Warren
Yeah shoutout to Bulgaria, I remember Waka snapchatted “Shoutout to Bulgaria” once, that was great.

Warren
But yeah, we had Martha Stewart before, and the reaction was not nearly–it was just Waka was a way better investment in terms of reach and the viral factor. We also have a Facebook post on Waka’s page where we were doing a giveaway where all you had to do was share the post, and you could win a free trip to Hawaii, 1000 dollars on Amazon, and Canada Goose jackets. Right now that post has close to 60 thousand shares, the views broke—we don’t even know what those are on—but like, the numbers we’re putting up… we were at a point where we were getting a share per second.

Kalin
The idea was basically to put this commercial out in as many different places as possible so you couldn’t really go anywhere without hearing about it, so by doing all these things we just swept media, it was awesome.

Warren
Yeah the sales have honestly tripled already. The numbers are ridiculous.

Did you guys have specific goals whether it was sales or social media, or did you just go in hoping to make a major splash?
Kalin
I mean we honestly just wanted to give the world something that it hadn’t seen before. We didn’t have specific set goals, obviously we wanted to boost the sales, we just wanted to make an impact, and during the AMA’s and especially given how the flow of the show was going, when it dropped, it was just like—people were in shock. The reception exceeded all expectations. Even Waka’s pumped about the campaign, so the past 24 hours have just been a blur.

Warren
Yeah seriously, we’ve been getting hit up by all different sources, different places wanting to get insider info, but you know we had to work with the homies first.

Kalin
For Boston.

Warren
Boston’s really the next thing. Not much more to say about that. We’re just waiting to see what the future holds.

Was there one person that wrote the script for the ad or was it a collaborative effort?
Warren
My uncle loves the creativity aspect of guerrilla marketing, so he basically directed the commercial. We came up with the smokers angle, but it was definitely all him and the team we had behind us, the film crew, who came up with the shots to figure out what looks funny.

Kalin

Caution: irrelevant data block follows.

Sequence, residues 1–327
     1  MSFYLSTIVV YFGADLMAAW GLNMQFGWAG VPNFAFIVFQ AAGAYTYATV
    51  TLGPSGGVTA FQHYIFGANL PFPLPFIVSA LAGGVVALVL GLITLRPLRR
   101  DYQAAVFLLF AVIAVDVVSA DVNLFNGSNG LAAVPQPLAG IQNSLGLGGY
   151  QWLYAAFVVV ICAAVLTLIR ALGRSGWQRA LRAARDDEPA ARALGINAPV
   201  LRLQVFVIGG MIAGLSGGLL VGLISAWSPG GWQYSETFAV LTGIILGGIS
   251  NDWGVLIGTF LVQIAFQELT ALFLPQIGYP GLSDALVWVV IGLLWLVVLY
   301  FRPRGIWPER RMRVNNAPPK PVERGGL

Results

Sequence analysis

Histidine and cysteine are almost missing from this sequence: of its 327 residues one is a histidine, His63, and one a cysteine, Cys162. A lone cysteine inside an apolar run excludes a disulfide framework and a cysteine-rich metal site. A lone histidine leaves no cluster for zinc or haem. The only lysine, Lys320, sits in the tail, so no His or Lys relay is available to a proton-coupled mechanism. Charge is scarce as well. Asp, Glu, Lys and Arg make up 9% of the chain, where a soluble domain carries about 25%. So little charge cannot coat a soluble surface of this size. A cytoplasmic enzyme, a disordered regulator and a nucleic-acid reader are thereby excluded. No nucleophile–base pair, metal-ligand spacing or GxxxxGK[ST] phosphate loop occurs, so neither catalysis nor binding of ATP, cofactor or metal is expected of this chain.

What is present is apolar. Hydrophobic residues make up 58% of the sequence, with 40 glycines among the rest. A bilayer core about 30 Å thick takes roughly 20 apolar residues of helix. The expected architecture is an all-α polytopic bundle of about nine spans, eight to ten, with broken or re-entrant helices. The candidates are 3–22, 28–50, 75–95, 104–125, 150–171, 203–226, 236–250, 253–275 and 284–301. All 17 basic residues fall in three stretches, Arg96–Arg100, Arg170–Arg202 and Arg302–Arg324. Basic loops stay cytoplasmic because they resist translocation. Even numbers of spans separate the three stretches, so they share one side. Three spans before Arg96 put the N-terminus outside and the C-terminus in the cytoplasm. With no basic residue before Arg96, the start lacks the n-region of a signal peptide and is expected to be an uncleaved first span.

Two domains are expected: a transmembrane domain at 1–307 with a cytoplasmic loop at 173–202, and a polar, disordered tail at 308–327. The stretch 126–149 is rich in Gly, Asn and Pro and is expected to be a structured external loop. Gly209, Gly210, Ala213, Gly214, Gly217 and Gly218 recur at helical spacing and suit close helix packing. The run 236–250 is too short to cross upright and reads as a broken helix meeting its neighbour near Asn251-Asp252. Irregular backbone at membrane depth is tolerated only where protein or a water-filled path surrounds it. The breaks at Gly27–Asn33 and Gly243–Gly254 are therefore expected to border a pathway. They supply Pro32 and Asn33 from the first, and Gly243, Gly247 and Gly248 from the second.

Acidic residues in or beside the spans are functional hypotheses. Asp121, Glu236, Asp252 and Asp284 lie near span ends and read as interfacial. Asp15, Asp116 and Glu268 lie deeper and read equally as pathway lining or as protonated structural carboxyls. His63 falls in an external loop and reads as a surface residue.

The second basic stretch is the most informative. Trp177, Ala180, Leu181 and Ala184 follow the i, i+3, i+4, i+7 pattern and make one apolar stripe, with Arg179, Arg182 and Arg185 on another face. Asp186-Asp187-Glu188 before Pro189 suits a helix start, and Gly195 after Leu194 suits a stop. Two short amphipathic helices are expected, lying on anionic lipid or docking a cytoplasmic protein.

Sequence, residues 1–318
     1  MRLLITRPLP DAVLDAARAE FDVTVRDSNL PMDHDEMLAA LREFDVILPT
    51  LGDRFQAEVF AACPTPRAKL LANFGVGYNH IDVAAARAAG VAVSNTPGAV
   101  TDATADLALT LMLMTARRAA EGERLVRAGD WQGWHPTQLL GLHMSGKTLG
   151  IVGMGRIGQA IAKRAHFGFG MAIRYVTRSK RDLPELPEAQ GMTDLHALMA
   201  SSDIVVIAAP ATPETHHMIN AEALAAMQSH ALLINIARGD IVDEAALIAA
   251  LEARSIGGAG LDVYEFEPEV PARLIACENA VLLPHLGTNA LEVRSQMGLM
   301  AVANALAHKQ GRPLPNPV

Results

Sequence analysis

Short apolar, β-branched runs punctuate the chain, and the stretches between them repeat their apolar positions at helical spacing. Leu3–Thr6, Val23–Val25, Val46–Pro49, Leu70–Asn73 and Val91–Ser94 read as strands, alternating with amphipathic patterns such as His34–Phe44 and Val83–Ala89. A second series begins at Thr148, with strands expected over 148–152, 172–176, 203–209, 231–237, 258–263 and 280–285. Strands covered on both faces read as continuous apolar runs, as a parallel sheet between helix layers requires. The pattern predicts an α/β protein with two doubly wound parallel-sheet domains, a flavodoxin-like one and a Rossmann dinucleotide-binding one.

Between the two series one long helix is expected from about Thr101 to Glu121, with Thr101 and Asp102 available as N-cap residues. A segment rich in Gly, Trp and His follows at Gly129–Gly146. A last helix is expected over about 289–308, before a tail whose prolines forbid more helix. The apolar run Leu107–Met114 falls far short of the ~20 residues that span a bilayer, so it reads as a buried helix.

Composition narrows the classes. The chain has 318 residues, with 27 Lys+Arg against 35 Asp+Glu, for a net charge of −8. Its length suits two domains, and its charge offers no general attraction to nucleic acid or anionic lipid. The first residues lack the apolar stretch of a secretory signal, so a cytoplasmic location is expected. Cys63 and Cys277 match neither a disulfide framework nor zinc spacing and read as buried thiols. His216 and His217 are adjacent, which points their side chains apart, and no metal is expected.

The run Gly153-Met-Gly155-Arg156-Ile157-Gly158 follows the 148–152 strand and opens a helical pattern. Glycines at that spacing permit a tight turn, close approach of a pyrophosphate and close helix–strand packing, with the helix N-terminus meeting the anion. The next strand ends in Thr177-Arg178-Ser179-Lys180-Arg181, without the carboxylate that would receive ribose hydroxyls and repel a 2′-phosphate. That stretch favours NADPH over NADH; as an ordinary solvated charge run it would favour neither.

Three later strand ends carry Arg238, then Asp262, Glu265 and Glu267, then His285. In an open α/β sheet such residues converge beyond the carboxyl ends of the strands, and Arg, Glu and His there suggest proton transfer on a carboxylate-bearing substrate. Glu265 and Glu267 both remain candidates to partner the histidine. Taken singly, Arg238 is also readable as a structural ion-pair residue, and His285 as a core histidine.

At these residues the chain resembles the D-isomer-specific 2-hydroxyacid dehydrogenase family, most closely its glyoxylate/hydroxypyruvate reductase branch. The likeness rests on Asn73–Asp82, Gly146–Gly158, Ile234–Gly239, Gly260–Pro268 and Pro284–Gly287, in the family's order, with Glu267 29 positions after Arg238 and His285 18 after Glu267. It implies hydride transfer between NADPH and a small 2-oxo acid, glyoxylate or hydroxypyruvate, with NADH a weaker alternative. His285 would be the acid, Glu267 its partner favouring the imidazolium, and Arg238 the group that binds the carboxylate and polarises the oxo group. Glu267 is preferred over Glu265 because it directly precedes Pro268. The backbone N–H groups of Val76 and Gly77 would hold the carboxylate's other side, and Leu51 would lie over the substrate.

The quality of how the video looks—we wanted it to look corny.

Warren
People didn’t know if it was real or not, it looks like an SNL skit, and that’s what we wanted. I can’t talk budget numbers, but we could have accomplished this with next to nothing.


It’s definitely one of our goals to establish ourselves as Cough Drop Dons, so to speak. We’re the self-proclaimed Cough Drop Dons.

It doesn’t seem like you were, but were you guys worried about any type of controversy or backlash?
Warren
No, the more controversy the better. I’ve heard so many different interpretations of the ad, we had to go with that kinda stoner edge. That’s the point, like we want people to be like, what the fuck is this? That’s perfect! But a majority of the reactions we got were like, this is the greatest commercial I’ve ever seen.

Kalin
Complex called it “the hottest cough drop commercial to drop this fall.”

Warren
It’s definitely one of our goals to establish ourselves as Cough Drop Dons, so to speak. We’re the self-proclaimed Cough Drop Dons.

Kalin
That was our goal.

Warren
That should be the headline: Self-Proclaimed Cough Drop Dons.

With anything like this, not to say it’s easy, but people have done these type of things where you get a ton of chatter on social media but it kinda comes and goes because that’s the way of the world. So looking at the success you’ve had just off this one piece of the campaign, how do you now retain these people that are paying attention now and turn them into loyal customers?
Kalin
The thing is, we wanted to boost brand awareness with this whole campaign. Obviously we achieved that, we went above and beyond, but now what we’re gonna do is basically slink back into the shadows and then hit them with something even bigger than this, whether that comes in the form of another TV ad, some kind of social media takeover—the possibilities are endless for us, and we understand that sometimes advertising can be oversaturated which is why with this whole campaign we just wanted to provide shock and awe, and our whole goal with this and all subsequent marketing campaigns that we do is to just be different and unique, and create groundbreaking opportunities for whichever brands that we’re boosting. I think it’s just important to always refresh, experience new things and work on being as unique as possible.

Alec
I just feel like we hit such a new demographic of people who’ve never heard of Pine Brothers before, so now any smaller thing we do is gonna get so much more attention. As long as we keep hitting them with reminders, people aren’t gonna forget about this. When they think of cough drops, nothing else comes to mind now other than Waka and Pine Brothers.

Warren
Fuck Halls, fuck Luden’s, we’re Pine Brothers.

Kalin
On the record!

Warren
On the record baby, we’re Pine Brothers. Everybody is a Pine Brother in spirit. You gotta love your brothers, straight up. Whatever anybody has to say, man, Pine Brothers are the future of throat lozenges.